Shabbat Parashat Yitro We Are One January 21, 2022 – 20 Shevat 5782

Dear Friends,

Since my Sabbatical begins this Sunday, this will be the final Tidbits of Torah until I return from my Sabbatical on May 9th.  During my Sabbatical, I will be spending some time in Israel and I look forward to coming back refreshed!

This has been a difficult week and I want to reflect on the events that took place in Colleyville, Texas, in the context of our weekly Torah portion and share some of my thoughts with you.

In our Shabbat Mincha prayers we say: “You are One, and Your name is One, and who like Your people, Israel, are One.”

What does this mean?

It means that, You, God, are One.  But we, the Jewish people, are also One.  And, no matter how divided we may seem, we are all a part of one very unique and distinct people.

This past Shabbat, the events that took place in the synagogue in Collleyville, Texas, reminded us once again that we are, indeed, all a part of one very unique and distinct people.

Our tradition teaches us that we all stood at Mount Sinai and received the Torah.  Then, as now, each one of us receives Torah and understands it in accordance with our individual neshama [soul].   Nevertheless, then and now, we stand together and understand ourselves to be part of a whole people – part of something greater than ourselves.

This Shabbat, we read the weekly Torah portion of Yitro, including the Ten Commandments.  Traditionally, we stand for the reading of the Ten Commandments from the Torah scroll, symbolically connecting ourselves with the moment in which our people received Torah at Mount Sinai and with all the Jewish people the world-over, today.  We are One.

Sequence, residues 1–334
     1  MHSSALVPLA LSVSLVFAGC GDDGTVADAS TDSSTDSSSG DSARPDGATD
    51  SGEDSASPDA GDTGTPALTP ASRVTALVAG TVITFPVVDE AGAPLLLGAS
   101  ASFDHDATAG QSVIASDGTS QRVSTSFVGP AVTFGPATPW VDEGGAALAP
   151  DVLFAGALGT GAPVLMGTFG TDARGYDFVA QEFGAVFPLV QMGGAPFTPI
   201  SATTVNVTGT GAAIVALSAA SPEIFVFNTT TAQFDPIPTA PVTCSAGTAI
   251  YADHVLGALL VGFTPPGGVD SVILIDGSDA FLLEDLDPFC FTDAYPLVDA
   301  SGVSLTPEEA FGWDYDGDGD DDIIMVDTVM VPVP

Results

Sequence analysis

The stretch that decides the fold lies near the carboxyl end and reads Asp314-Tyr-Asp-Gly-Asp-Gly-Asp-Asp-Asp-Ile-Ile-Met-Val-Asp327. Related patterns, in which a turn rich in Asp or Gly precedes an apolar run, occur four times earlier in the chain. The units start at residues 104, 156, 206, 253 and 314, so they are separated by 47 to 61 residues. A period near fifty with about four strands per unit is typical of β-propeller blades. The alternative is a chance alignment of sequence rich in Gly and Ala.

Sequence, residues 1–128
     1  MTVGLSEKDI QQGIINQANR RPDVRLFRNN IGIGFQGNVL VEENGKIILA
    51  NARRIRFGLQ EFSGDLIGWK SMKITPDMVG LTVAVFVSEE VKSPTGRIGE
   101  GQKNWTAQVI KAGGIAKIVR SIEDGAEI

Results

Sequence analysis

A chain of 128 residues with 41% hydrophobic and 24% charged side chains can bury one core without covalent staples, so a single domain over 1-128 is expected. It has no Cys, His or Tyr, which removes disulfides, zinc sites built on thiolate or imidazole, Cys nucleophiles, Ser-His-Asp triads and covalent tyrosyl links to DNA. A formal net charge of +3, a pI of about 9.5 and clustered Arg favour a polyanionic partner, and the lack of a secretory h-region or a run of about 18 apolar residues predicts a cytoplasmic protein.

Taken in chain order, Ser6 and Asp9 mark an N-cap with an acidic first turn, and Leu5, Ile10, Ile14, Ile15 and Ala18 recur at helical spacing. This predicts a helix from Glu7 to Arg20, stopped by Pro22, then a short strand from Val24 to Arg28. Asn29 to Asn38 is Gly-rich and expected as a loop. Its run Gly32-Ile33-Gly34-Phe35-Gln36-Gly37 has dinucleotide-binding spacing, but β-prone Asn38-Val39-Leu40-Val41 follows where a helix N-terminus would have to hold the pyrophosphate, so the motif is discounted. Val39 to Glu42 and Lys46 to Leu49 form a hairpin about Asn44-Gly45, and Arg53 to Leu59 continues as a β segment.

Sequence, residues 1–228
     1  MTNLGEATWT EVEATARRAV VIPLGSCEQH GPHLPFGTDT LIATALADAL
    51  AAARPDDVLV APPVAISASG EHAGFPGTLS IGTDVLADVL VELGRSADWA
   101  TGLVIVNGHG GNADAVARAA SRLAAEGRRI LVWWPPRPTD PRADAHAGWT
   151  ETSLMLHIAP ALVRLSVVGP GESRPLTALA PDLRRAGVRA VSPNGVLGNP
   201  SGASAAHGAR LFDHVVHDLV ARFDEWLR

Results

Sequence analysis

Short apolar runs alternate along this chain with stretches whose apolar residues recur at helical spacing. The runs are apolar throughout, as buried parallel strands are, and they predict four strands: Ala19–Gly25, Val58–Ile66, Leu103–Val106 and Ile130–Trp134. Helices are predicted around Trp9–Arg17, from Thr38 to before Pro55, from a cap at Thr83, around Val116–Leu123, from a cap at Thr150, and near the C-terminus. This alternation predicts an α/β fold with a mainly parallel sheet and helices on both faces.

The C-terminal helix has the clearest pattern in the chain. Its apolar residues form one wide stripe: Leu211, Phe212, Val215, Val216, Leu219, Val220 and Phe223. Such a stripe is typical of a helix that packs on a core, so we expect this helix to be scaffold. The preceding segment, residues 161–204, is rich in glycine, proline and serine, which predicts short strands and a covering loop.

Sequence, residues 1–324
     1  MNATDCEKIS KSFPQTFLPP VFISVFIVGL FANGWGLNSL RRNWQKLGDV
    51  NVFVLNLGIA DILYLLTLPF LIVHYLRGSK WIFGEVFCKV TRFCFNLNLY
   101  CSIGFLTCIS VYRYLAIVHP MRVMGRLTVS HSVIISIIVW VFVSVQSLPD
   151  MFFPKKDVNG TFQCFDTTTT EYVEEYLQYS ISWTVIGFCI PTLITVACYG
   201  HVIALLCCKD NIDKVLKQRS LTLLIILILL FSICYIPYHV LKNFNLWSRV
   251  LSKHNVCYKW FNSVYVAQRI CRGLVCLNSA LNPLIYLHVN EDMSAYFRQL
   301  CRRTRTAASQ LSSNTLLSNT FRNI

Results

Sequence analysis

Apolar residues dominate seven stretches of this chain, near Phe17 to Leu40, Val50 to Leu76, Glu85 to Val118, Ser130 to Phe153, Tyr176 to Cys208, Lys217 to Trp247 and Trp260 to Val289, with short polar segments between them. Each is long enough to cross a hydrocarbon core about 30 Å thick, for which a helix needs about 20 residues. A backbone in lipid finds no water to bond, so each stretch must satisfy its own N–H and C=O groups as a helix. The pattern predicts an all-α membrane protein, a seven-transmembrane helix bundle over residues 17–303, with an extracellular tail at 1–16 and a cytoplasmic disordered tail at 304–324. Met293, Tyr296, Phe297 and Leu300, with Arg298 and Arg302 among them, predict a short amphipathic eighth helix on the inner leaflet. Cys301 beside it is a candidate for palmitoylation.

Then and now, we stand together, proud of our heritage and of our tradition, even as we take practical measures to protect ourselves from those who would wish to destroy us.

We do so because our Torah is beautiful.  We do so because our Torah is a Tree of Life.  We do so because our Torah is a source of inspiration and a guide as we navigate our individual and communal paths in a complex world.  Ashreinu, [How blessed are we] that we have Torah and we have community to embrace us, even as we embrace our Torah and our community.

May we always stand together, even as we hear and understand Torah in our unique and individual ways.

May we always be proud of our heritage and of our community.

And, may we always be blessed with loving connections that give us strength, courage, and inspiration, to continue working toward a time of ultimate redemption – a time of true and lasting peace – a time of true understanding and mutual respect among all the peoples of the world!

Shabbat Shalom!

Rabbi Gilah Dror